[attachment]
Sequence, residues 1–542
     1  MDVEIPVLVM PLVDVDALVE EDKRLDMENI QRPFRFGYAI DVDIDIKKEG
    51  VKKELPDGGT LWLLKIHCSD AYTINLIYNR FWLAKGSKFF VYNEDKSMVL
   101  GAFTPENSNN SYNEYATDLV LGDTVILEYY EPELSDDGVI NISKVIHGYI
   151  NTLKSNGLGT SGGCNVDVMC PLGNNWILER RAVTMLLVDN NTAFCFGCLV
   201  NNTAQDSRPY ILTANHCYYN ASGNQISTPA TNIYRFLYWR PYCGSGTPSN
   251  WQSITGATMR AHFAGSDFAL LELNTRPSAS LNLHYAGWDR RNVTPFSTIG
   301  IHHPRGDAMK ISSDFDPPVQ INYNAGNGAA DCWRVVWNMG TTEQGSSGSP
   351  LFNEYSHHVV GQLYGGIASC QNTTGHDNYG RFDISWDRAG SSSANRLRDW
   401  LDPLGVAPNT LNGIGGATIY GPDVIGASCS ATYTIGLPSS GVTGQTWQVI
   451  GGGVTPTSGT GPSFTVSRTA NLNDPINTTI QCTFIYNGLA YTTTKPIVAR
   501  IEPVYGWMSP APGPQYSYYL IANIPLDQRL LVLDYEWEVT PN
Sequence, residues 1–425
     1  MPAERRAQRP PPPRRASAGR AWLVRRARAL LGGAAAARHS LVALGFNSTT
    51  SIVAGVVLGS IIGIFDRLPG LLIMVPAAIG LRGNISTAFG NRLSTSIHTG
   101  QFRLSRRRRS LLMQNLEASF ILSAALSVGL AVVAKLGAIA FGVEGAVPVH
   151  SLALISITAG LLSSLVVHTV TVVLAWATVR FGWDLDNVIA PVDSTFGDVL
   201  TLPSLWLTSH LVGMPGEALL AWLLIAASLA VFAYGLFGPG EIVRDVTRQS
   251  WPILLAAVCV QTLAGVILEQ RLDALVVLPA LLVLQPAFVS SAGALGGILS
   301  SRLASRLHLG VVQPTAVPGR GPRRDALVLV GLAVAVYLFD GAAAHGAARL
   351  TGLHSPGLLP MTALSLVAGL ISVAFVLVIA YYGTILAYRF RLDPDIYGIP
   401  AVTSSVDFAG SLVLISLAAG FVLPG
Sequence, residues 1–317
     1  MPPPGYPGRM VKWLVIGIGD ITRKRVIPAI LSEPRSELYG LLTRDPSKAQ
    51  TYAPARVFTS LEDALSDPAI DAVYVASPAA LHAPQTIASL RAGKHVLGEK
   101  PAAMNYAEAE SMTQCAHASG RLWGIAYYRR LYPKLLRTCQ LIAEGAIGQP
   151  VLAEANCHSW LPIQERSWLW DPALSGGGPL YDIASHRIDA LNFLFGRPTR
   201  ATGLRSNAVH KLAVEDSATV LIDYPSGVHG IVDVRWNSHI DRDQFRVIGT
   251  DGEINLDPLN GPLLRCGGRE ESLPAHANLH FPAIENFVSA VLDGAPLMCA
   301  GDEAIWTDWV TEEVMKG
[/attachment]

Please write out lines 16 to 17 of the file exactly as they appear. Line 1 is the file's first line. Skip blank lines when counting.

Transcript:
   101  QFRLSRRRRS LLMQNLEASF ILSAALSVGL AVVAKLGAIA FGVEGAVPVH
   151  SLALISITAG LLSSLVVHTV TVVLAWATVR FGWDLDNVIA PVDSTFGDVL